Thursday, June 28, 2012

A Swing window is just as transparent as a web page

I'm a fan of the web and I admire how powerful the browser has become. Since I'm almost always in a browser (even to type this blog) I would certainly love to see even more useful apps, like, perhaps, an online IDE. So, although I work with desktop apps I like this cloud and web app kool-aid a whole lot.

One of the advantages I see in web apps is how transparent they are. It's all text, with code in an easy scriptable language. It's easy to inspect and change. Easy to deploy.

But I don't work with web apps. I work with large desktop Swing applications, usually on top of the NetBeans Platform.

I routinely debug these Swing apps with the debugger, VisualVM, BTrace and simple apps or unit-tests that reproduce the issue.

And it occurred to me after a debugging session to me that Swing apps are quite transparent too! The fact that Java code is compiled is just a decoy. As a developer you have access to the source code anyhow but, even as an user, you have about the same freedoms as you have with a web app.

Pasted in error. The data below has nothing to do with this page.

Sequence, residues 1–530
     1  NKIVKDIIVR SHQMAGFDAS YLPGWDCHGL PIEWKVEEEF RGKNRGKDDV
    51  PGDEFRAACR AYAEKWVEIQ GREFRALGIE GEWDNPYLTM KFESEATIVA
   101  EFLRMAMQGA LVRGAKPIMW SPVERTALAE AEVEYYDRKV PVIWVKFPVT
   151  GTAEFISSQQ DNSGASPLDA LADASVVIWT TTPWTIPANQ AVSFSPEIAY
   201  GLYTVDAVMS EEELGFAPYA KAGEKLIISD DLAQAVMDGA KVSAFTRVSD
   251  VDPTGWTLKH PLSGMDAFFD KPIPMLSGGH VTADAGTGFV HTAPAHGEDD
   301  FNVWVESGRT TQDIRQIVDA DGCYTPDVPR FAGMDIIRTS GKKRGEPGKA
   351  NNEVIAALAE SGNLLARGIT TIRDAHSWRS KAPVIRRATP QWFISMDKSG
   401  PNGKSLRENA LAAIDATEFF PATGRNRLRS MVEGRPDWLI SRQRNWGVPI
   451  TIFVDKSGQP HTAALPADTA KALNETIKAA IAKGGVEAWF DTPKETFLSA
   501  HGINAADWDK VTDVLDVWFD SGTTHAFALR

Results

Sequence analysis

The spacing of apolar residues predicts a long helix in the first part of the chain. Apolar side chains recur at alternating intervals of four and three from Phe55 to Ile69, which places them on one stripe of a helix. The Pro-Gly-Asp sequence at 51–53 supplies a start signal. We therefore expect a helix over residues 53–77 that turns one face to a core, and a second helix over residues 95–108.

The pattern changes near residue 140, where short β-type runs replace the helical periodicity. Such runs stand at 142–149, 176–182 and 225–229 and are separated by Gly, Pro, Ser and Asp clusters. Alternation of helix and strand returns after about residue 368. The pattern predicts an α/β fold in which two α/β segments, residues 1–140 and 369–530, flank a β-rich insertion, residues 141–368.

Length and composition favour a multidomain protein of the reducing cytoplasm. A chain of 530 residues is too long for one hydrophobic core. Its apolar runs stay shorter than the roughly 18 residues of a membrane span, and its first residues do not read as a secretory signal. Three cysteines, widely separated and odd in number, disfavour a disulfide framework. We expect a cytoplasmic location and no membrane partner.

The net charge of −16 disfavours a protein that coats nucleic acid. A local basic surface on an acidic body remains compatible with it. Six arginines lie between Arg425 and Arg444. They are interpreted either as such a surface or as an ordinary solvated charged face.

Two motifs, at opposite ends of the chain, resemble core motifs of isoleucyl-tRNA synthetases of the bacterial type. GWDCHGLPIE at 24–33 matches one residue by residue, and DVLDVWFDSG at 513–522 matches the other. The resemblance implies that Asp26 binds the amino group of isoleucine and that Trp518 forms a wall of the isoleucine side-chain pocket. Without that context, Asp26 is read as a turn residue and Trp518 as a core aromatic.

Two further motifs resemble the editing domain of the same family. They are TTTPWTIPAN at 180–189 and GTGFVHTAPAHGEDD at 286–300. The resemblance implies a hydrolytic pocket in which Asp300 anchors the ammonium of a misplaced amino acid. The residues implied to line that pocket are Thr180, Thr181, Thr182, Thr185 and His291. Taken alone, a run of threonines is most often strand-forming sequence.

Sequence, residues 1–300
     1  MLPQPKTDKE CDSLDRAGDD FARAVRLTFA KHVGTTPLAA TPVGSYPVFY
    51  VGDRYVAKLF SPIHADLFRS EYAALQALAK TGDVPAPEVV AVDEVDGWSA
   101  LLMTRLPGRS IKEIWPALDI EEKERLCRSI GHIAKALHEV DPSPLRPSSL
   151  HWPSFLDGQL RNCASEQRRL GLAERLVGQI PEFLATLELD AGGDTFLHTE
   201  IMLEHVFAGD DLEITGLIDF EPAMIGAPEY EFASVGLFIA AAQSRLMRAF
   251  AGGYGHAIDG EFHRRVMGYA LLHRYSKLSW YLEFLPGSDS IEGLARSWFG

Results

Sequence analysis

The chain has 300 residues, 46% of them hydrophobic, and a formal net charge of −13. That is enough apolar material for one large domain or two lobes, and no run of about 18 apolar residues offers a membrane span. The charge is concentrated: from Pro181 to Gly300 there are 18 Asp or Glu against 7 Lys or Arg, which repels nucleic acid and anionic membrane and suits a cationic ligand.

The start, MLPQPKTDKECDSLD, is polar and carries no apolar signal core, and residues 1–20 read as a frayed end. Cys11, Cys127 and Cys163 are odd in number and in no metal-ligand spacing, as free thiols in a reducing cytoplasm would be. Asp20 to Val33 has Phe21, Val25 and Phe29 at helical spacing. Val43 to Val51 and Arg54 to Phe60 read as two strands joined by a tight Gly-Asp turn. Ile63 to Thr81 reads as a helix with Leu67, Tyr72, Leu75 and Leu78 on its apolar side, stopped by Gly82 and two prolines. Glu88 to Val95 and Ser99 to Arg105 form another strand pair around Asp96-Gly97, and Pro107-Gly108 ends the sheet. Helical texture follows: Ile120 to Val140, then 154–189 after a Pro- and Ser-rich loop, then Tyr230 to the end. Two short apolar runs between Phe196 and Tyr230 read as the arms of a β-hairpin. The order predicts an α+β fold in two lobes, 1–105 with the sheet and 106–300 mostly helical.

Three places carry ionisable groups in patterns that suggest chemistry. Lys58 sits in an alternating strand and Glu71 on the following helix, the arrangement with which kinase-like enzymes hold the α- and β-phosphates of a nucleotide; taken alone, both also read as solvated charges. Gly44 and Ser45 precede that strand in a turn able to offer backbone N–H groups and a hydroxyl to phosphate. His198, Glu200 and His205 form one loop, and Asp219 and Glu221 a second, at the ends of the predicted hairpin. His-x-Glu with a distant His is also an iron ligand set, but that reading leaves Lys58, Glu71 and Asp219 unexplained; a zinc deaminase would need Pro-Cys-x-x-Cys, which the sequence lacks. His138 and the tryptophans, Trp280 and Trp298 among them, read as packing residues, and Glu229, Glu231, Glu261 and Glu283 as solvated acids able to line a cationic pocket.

Just as I could look into the DOM hierarchy in the browser, I have the Swing hierarchy of components.

Just as I could add my own Javascript event handlers, I have Swing listeners.

Although existing code is compiled, I could make a small BTrace script to see its execution and inspect parameters and values.

Without having to recompile, I can easily use reflection to look into private data and even tweak it.

So, although Swing would seem pure binary, there is nothing you don't have access to. It's an open book!

2 comments:

Alex Kotchnev said...

A long, long time ago, when I was messing around w/ Groovy & Jemmy (eg. http://www.troymaxventures.com/2007/08/groovy-jemmy-gui-automation-this-is.html) to automate clicking buttons on a GUI, I remember that there was even a plugin that could show you the component hierarchy. Throw in a little groovy script like in that blog post, and you have the equivalent of firebug.

Antonio said...

Maybe Swing windows are just as transparent as web pages, but the real issue is that Java virtual machines are not as transparent as web browsers. And that's a pity.